300th Rescue of the Year for Llanberis MRT

© Llanberis Mountain Rescue Team

With Yr Wyddfa (Snowdon) on their patch, a mountain ascended by over half a million people annually, it's no surprise that the Llanberis Mountain Rescue Team are the most active in the UK. The team recently announced an eye-opening benchmark, recording their 300th rescue of the year.

Over the last 15 years the annual number of callouts here has increased 300% - an unsustainable growth rate for a small charity run entirely by volunteers, say the team.

Llanberis Mountain Rescue Team Team members on Esgair Felen after rescuing two stuck scramblers  © Llanberis Mountain Rescue Team
Llanberis Mountain Rescue Team Team members on Esgair Felen after rescuing two stuck scramblers
© Llanberis Mountain Rescue Team

A hill walker injured in a fall on a wintry PYG Track prompted the landmark 300th response for 2023, followed two days later by the 301st call-out, to assist a pair of walkers who had become stuck in full winter conditions near the top of Snowdon.

The increase in workload is placing huge pressure on the team's volunteers. With incidents frequently occurring during busy holiday periods, team members are increasingly being asked to attend several callouts in a day, leading to fatigue and the risk of burn-out.

Llanberis Mountain Rescue Team Chair, Dr Richard Griffiths said: "We are hugely lucky that our volunteers are willing to go out at any time of day to rescue fellow walkers, climbers, runners and mountain bikers whose day has gone wrong.

"Our average member attends around 40 callouts per year. The time impact on them and their families' lives cannot be understated.

"This has been our busiest year yet, and as we get busier and busier there is a very real risk that the service becomes overloaded and we are not able to respond to those in need quickly."

Yr Wyddfa may be immensely busy, but don't take it lightly - especially in winter  © Dan Bailey
Yr Wyddfa may be immensely busy, but don't take it lightly - especially in winter
© Dan Bailey

As well as a rise in overall call-outs, the team have been seen an increase in traumatic, complex and dangerous incidents, impacting volunteers' wellbeing and personal lives.

"Our 56 operational team members have done over 8000 hours of rescue work so far in 2023" said Dr Griffiths.

"On top of this we have to attend regular team training, maintain equipment, raise the funds needed to run a charity and many other non-rescue roles too numerous to mention.

"As a group of volunteers we are nearing the limit of what we can do to support those in need in the mountains.

"In the coming years we will be looking to continue our work with other stakeholders to reduce the number of mountain incidents on Yr Wyddfa and to build our capacity to respond to this increasing demand. In the meantime, we continue to encourage walkers and climbers to prepare adequately so that they enjoy their time in the mountains by following the key messages from Adventure Smart UK."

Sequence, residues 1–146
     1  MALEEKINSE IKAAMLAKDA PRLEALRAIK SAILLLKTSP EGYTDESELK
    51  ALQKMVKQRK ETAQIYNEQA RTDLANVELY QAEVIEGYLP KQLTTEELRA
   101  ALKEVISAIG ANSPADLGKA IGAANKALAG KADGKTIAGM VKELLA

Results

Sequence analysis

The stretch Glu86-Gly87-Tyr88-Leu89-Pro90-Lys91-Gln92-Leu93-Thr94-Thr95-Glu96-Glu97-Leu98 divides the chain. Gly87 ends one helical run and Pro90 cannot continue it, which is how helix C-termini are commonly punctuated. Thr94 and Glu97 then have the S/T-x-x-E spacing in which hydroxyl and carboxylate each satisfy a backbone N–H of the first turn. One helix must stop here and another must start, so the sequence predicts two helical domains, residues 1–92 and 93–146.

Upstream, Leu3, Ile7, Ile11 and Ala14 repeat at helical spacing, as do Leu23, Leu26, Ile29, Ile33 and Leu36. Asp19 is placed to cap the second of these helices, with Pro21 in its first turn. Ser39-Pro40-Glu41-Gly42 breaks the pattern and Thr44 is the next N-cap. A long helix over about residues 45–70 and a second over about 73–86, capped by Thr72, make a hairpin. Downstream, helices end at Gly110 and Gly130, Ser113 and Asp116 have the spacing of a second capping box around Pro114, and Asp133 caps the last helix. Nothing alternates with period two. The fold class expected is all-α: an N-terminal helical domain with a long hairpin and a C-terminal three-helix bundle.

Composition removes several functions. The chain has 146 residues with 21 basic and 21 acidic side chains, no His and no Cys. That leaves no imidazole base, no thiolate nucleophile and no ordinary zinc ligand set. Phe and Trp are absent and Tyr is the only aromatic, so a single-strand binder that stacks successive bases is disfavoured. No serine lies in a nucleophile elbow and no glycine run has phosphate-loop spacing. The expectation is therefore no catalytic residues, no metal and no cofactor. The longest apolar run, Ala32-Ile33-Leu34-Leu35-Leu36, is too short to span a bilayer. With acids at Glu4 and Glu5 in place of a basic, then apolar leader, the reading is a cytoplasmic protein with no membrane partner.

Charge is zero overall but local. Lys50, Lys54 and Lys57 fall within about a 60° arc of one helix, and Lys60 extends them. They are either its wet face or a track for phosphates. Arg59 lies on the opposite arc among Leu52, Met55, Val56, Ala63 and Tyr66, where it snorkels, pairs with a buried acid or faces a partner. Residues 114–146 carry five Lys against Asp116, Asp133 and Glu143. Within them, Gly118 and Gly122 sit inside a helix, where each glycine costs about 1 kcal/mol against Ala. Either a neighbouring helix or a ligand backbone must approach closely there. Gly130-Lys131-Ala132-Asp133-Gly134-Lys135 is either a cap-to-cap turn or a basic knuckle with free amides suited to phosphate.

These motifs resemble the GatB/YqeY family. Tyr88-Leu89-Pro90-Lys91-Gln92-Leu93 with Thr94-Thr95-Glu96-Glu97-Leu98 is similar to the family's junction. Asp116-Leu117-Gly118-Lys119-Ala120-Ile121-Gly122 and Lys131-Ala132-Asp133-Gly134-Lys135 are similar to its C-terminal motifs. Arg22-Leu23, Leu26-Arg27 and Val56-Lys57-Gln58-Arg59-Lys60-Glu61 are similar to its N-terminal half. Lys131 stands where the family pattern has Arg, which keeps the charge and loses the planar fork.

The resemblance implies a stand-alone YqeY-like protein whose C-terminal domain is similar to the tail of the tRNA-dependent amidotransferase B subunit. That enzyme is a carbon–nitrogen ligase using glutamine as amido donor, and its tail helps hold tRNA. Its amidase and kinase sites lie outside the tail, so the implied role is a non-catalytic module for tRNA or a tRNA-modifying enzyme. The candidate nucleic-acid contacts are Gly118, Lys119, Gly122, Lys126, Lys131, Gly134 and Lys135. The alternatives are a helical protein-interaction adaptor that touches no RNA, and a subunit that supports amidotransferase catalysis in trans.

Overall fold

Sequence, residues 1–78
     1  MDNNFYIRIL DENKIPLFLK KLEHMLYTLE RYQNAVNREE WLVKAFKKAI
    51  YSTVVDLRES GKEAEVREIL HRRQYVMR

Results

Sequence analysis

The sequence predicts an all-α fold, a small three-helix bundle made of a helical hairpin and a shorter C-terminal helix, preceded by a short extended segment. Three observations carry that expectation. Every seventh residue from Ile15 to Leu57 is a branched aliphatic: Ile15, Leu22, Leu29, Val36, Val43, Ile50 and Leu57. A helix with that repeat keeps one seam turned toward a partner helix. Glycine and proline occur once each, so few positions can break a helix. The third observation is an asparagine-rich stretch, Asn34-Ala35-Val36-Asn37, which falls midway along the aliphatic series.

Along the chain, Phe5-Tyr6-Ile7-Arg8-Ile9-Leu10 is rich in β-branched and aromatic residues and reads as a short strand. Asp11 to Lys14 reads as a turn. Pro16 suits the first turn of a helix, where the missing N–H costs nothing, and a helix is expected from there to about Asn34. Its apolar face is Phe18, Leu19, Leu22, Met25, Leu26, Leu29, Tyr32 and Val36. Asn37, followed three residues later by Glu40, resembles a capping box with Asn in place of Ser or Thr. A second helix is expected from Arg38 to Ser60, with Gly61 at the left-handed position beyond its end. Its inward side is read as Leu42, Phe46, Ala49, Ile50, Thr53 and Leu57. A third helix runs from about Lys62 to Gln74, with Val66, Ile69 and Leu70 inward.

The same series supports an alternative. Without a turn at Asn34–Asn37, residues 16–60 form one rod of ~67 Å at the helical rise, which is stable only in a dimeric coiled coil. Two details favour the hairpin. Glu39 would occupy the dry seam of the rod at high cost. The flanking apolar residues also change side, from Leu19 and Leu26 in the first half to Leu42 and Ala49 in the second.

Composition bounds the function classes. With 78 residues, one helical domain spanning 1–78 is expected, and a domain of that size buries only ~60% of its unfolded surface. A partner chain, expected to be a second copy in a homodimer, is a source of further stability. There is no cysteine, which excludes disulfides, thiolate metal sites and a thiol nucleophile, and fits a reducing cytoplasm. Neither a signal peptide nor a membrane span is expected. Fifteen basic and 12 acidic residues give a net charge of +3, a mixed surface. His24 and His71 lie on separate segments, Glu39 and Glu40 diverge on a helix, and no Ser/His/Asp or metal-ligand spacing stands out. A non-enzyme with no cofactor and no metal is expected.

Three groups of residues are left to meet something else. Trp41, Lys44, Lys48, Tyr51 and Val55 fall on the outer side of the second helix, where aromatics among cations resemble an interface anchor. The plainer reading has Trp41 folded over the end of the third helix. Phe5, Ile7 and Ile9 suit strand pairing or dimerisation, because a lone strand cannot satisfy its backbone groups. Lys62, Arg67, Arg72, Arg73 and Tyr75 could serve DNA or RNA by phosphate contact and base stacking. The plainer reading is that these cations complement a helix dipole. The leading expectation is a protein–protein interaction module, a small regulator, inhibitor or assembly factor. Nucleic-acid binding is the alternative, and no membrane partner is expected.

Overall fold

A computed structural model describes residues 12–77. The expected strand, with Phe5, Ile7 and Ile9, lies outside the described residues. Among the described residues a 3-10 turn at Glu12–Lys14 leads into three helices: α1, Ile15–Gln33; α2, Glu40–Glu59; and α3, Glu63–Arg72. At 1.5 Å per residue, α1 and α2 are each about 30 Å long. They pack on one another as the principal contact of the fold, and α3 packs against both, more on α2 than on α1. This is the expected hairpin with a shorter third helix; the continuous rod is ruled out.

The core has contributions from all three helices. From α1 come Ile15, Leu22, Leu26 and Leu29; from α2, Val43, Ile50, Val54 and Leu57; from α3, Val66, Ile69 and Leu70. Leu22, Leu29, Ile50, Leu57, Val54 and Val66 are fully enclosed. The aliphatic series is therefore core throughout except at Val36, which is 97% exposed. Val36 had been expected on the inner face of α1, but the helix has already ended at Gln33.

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21 Dec, 2023

Well done and thanks to all involved.

These sorts of crazy numbers and the continuing upwards trends do though I think, have to reignite the debate about how mountain rescue is organised and paid for. I live in Germany and volunteer with the local team. We cover a big cross-country skiing area with a couple of drag-lifts so in the winter we have people ready to go in the middle of the ski area all weekend. At other times we're pretty quiet because the terrain isn't really that remote/mountainous. We also support the local fire department's technical/industrial rescue team which I really enjoy, but again there's not that many calls. I couldn't imagine putting in the hours of training which are necessary and then doing 40-50 calls a year. I'm self employed and frequently work on weekends, if I cancel an appointment with a client then I'm not paid. If I can plan to be on duty when I'm not working then it's OK, but how do you guys all manage? Jobs where you can work late and catch up?

If we have to transport an injured patient then a bill gets sent to their health insurance company. Uninjured, lost, etc. should receive a bill directly, but this is often waved (unless they're being proper stupid - people trying to drive the cross-country pistes in their SUVs for example). This covers the cost of equipment, fuel etc. but we volunteers don't see any of it. This is where things get sticky in my eyes. Our area is pretty quiet, but there are little local ski lifts operating. Further south there are bigger skiing areas where it can cost €50+ a day for a lift ticket, I really don't think it's fair for them to be earning money and relying on volunteers to get them out of the shit when somebody is injured or when a lift breaks and a load of people are stranded. If I'm out on duty, patrolling, rescuing etc. for 8 hours then I see it as a job in my eyes. At other times, given that we support the volunteer fire department then I think we should be on a similar pay to them (it's tiny, but I think it shows some respect to what we do). If there's a shout and 6 people attend, 4 of whom are paid and 2 not I don't think it's fair.

So how about Llanberis, Ben Nevis and other heavily frequented areas? Wales especially has a lot of bike parks now, what extra work do they generate? How far off are you having to have teams sat in the rescue HQ ready to go at a moment's notice all weekend? And then if you do get to that point do you think those people should be compensated for their day?

21 Dec, 2023